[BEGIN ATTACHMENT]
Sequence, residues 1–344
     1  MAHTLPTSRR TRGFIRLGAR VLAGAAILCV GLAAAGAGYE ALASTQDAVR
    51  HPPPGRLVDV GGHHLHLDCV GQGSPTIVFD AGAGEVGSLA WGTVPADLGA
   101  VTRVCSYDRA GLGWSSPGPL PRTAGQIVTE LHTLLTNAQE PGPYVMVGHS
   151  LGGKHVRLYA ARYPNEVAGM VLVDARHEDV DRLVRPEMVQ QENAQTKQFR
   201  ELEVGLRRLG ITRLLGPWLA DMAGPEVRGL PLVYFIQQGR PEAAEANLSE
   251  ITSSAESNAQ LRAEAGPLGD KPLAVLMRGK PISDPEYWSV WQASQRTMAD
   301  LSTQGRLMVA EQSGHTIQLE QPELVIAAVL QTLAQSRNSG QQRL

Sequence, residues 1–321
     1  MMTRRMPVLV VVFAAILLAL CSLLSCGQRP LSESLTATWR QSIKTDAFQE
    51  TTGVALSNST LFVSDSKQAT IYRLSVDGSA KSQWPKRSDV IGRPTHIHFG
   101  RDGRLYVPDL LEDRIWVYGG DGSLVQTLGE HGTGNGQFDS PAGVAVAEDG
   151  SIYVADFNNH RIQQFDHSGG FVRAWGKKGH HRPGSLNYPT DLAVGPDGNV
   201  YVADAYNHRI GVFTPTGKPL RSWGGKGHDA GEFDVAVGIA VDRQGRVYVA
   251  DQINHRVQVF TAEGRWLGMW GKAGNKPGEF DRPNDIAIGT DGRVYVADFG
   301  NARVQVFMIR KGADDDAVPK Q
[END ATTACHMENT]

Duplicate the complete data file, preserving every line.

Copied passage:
Sequence, residues 1–344
     1  MAHTLPTSRR TRGFIRLGAR VLAGAAILCV GLAAAGAGYE ALASTQDAVR
    51  HPPPGRLVDV GGHHLHLDCV GQGSPTIVFD AGAGEVGSLA WGTVPADLGA
   101  VTRVCSYDRA GLGWSSPGPL PRTAGQIVTE LHTLLTNAQE PGPYVMVGHS
   151  LGGKHVRLYA ARYPNEVAGM VLVDARHEDV DRLVRPEMVQ QENAQTKQFR
   201  ELEVGLRRLG ITRLLGPWLA DMAGPEVRGL PLVYFIQQGR PEAAEANLSE
   251  ITSSAESNAQ LRAEAGPLGD KPLAVLMRGK PISDPEYWSV WQASQRTMAD
   301  LSTQGRLMVA EQSGHTIQLE QPELVIAAVL QTLAQSRNSG QQRL

Sequence, residues 1–321
     1  MMTRRMPVLV VVFAAILLAL CSLLSCGQRP LSESLTATWR QSIKTDAFQE
    51  TTGVALSNST LFVSDSKQAT IYRLSVDGSA KSQWPKRSDV IGRPTHIHFG
   101  RDGRLYVPDL LEDRIWVYGG DGSLVQTLGE HGTGNGQFDS PAGVAVAEDG
   151  SIYVADFNNH RIQQFDHSGG FVRAWGKKGH HRPGSLNYPT DLAVGPDGNV
   201  YVADAYNHRI GVFTPTGKPL RSWGGKGHDA GEFDVAVGIA VDRQGRVYVA
   251  DQINHRVQVF TAEGRWLGMW GKAGNKPGEF DRPNDIAIGT DGRVYVADFG
   301  NARVQVFMIR KGADDDAVPK Q